STRUCTURE analysis grouped the H. compressa accessions into two gene pools. PCA and DAPC were consistent with these structure results. Accessions from Turkana (Northern Kenya) were pooled into cluster 1. Cluster 2 had the highest number of genotypes that included accessions collected along the Tana basin sites (Tharaka Nithi and Tana River) and Kwale. In addition, an admixture of accessions was reported for accessions from Kwale that showed mixed ancestry from Tharaka Nithi and Tana River. This admixture may be due to genetic exchange between Kwale, Tharaka Nithi and Tana river. These accessions also exhibited reciprocal monophyly based on phylogenetic analysis. This corroborates the phenotypic diversity studies on H. compressa where accessions from Kwale exhibited the highest phenotypic diversity compared to other regions (Omire et al., 2020b).

The fixation index (FST) is an informative method for measuring population differentiation among populations (Nassiry et al., 2009). An overall FST value of 0.074 was reported for H. compressa populations in this study. According to Nassiry et al. (2009), an FST of 0–0.05 is considered small, 0.05–0.15 is moderate and 0.15 and above is considered very high. Therefore, H. compressa accessions had moderate genetic differentiation. However, FST, values obtained from STRUCTURE population clustering indicate high genetic differentiation within cluster 1 (accessions from the northern part of Kenya) than cluster 2 (accessions along the Tana Basin). On the other hand, cluster two had higher levels of heterozygosity (He) compared to cluster 1. This indicates high diversity in accessions along the Tana basin. The high heterozygosity and lower genetic differentiation between H. compressa accessions along the Tana Basin (cluster 2) might be due to genetic exchange arising from gene flow. Although Tharaka Nithi is found approximately 163 and 391 miles away from Tana River and Kwale respectively, gene flow between these three counties seems high. This could be due to the flow of the River Tana (Figure 1), which traverses both Tharaka and Tana River counties and possibly serves as means of germplasm dispersion. This could explain why Tharaka samples are close to the Tana River accessions on the PCA and the high mixed ancestry as demonstrated by DAPC and STRUCTURE analysis. River Tana is the longest river and the most important drainage basin in Kenya. The river drains from the Kenyan highlands to the Eastern ASAL plateaus and coastal Kenya (Kitheka and Ongwenyi, 2002). Since H. compressa grows in riverine areas, seed dispersal through the river is an important factor influencing the population structure of H. compressa at the Kenyan Coast. Seed dispersal is essential for biodiversity conservation by driving plant gene flow, population dynamics and functional connectivity between regions (Traveset and Rodríguez-Pérez, 2018). Systematic seed dispersal favours gene flow, increases genetic diversity and lowers the genetic differentiation among populations (Paschoa et al., 2018). Migration rates using MIGRATE-n indicate that there is asymmetrical gene flow along the Tana basin. This supports the hypothesis that seed dispersal along the Tana River drives the population structure of H. compressa along the Coast. In addition, high migration rates were observed between Kwale and Tharaka an observation that is confirmed by phylogenetic analysis whereby some Kwale accessions clustered with Tharaka accessions.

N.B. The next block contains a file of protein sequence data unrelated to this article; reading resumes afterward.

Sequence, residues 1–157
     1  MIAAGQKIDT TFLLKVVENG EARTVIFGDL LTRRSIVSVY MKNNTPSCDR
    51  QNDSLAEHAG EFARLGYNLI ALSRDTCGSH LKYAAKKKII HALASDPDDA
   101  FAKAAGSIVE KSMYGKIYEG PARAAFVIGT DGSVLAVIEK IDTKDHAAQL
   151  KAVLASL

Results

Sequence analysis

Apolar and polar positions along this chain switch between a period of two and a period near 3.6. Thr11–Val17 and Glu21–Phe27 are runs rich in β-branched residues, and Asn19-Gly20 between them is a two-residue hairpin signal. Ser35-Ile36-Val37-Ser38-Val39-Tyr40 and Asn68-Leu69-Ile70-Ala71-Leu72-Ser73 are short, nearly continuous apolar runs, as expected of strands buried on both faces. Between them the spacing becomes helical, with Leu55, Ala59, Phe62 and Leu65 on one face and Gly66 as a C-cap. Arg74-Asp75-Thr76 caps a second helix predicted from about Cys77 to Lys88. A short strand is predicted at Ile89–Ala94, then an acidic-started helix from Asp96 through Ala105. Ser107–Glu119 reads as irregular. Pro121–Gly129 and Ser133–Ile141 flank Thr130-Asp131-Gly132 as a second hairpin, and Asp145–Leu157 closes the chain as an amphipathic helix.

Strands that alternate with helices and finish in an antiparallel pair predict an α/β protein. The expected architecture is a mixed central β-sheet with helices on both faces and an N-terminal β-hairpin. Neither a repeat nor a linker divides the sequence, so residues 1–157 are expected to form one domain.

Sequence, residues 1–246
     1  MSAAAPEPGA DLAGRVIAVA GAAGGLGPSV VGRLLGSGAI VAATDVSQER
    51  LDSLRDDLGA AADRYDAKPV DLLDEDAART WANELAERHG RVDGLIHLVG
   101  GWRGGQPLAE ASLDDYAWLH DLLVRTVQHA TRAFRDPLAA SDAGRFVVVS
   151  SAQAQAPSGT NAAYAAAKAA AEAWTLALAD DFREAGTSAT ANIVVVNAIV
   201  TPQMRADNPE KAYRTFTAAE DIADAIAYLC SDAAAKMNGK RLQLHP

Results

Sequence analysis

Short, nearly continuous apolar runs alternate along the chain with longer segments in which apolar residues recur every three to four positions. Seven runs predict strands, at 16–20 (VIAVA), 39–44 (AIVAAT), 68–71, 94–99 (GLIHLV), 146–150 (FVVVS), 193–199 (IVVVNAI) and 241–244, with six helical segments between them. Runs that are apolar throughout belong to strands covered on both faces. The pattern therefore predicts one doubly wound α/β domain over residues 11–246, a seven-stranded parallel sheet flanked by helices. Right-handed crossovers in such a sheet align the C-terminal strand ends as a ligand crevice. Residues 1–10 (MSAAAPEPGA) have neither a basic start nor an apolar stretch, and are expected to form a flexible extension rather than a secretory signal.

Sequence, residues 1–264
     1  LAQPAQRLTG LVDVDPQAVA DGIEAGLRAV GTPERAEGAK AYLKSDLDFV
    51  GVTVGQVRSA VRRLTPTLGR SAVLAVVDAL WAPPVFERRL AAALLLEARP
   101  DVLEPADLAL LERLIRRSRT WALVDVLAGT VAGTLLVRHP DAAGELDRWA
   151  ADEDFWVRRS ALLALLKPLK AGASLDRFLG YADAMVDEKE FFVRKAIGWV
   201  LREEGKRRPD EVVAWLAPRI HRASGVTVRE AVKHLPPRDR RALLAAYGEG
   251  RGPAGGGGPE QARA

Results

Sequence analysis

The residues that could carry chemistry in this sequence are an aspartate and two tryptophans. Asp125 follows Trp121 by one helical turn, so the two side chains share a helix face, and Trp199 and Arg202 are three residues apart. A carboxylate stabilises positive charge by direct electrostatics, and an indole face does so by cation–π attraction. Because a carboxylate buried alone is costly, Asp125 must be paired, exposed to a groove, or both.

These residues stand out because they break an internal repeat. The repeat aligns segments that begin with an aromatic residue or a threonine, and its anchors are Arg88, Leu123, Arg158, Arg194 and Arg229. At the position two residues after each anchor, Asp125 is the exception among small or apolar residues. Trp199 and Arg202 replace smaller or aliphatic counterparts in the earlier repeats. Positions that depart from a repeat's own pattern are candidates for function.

There is restricted gene flow into or out of Turkana, which may cause differentiation of its population from the other populations. This was supported by STRUCTURE analysis, PCA, DAPC and neighbor net network, which clustered Turkana distinctly from the rest of the populations. This differentiation may be attributed to the physical distance between Turkana and the other populations. Isolation of Turkana populations inhibits them from mating with the other populations. Turkana is found in the far-flung northern part of Kenya and is considered 100% dryland with scarce rain fed agriculture (Barrow and Mogaka, 2007). In addition, the selection pressures in Turkana differ from those present in the other regions.

The negative FIS values obtained for H. compressa populations indicate low levels of inbreeding, high diversity and moderate connectivity between the populations. This may be influenced by the mating system. Hyphaene compressa is a dioecious plant (Stauffer et al., 2014), a condition that favors obligate cross pollination which inturn increases intrapopulation genetic diversity (Paschoa et al., 2018; Muyle et al., 2020). Dioecy is one of the adaptations in plants that promote outbreeding (Charlesworth, 2006). High genetic diversity and low inbreeding in H. compressa was also supported by AMOVA results which showed higher (92.7%) within population diversity than among population diversity (7.3%).

The understanding of the genetic diversity and population structure within H. compressa provides useful information for future selection and appropriate conservation strategies. High priority should be given to the conservation of all populations with high genetic diversity. The conservation of H. compressa must consider the two identified clusters to ensure that the high diversity within populations is retained. This can be achieved by maximum collection and ex situ conservation of germplasm especially for cluster 2 which had the most diversity.